Whether that’s true, or not, I don’t know/care. I do, however, disagree with the author’s conclusion that any reining back of Dreamweaver development would be “bad news for online development”.
Supposedly higher-end WYSIWYG tools, such as Dreamweaver, are bad news for online development. They promote sloppy web page creation, giving print designers an analogue to the print design tools they’re used to, by doing everything they can to hide the nature of the web as a distinct medium.
Whereas tools such as NVU make no claim to be of professional grade, Dreamweaver’s unfortunate kudos leads pure-play designers to believe it magically transforms them into web designers.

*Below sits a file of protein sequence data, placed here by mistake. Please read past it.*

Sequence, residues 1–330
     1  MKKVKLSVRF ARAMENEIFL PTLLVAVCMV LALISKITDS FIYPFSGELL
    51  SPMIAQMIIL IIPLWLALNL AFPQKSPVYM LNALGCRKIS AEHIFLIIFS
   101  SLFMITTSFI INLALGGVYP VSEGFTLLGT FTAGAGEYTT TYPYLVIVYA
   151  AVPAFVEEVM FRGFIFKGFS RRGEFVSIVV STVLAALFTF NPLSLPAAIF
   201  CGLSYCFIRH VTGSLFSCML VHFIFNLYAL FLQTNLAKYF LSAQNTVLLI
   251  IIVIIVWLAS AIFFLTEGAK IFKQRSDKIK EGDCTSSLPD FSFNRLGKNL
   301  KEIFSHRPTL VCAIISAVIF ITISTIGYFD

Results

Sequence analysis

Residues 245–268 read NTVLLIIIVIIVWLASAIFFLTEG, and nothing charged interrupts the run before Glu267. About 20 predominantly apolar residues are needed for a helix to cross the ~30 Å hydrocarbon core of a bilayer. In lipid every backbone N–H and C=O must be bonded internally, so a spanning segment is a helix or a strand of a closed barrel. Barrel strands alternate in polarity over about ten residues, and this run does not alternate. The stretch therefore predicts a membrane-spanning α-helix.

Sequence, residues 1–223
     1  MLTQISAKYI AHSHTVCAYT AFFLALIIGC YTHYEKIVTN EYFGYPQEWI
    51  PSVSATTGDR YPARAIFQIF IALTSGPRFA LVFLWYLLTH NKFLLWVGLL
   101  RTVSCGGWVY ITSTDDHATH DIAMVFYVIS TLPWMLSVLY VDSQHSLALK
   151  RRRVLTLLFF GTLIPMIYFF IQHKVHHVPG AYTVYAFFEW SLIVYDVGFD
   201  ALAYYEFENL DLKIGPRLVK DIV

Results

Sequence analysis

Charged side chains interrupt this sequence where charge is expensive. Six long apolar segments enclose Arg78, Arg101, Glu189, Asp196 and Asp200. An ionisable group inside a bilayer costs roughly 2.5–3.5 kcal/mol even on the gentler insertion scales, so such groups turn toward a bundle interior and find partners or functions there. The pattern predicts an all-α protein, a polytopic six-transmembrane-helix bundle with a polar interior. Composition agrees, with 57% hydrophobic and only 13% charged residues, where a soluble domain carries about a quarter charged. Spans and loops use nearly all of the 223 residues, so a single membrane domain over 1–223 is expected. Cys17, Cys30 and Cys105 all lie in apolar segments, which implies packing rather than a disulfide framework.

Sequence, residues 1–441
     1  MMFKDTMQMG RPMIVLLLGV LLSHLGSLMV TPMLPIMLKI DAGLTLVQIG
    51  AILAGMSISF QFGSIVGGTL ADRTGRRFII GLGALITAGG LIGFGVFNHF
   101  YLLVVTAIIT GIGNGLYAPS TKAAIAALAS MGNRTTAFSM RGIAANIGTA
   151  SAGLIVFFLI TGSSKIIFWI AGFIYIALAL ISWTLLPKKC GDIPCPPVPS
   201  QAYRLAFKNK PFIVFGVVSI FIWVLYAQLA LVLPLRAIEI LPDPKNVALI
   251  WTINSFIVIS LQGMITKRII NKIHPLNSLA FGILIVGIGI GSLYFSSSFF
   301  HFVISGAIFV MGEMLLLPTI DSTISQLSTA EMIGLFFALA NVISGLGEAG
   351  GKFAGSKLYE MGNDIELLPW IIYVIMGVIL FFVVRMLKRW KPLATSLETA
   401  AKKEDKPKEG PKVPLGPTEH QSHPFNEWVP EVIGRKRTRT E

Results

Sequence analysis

If Adobe’s purchase of Macromedia does prove to be “bad news for online development”, it will be because the Adobe name lends even greater credence to the mistaken idea that you don’t need to hand code to create decent websites. Worst of all, another software producer with a near-monopoly in its market, may lead to the creation of some nasty pseudo-standards. Let’s hope that, without a browser to interpret such “standards”, we’ll be saved from that.